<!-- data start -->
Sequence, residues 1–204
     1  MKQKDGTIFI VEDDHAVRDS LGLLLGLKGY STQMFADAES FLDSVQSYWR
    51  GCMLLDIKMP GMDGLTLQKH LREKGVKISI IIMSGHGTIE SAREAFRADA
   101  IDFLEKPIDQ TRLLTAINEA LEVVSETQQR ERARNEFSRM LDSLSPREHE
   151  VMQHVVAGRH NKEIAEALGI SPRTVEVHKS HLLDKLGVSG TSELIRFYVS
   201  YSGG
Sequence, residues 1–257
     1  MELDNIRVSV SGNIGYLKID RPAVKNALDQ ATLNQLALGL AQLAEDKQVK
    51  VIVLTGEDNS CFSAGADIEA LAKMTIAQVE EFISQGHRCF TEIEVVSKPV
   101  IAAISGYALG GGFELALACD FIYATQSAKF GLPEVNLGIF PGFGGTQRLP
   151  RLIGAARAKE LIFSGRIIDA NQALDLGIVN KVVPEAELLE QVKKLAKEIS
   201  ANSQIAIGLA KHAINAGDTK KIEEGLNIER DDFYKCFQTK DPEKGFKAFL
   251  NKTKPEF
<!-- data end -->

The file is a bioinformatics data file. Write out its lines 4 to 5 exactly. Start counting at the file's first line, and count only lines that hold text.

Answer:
   101  IDFLEKPIDQ TRLLTAINEA LEVVSETQQR ERARNEFSRM LDSLSPREHE
   151  VMQHVVAGRH NKEIAEALGI SPRTVEVHKS HLLDKLGVSG TSELIRFYVS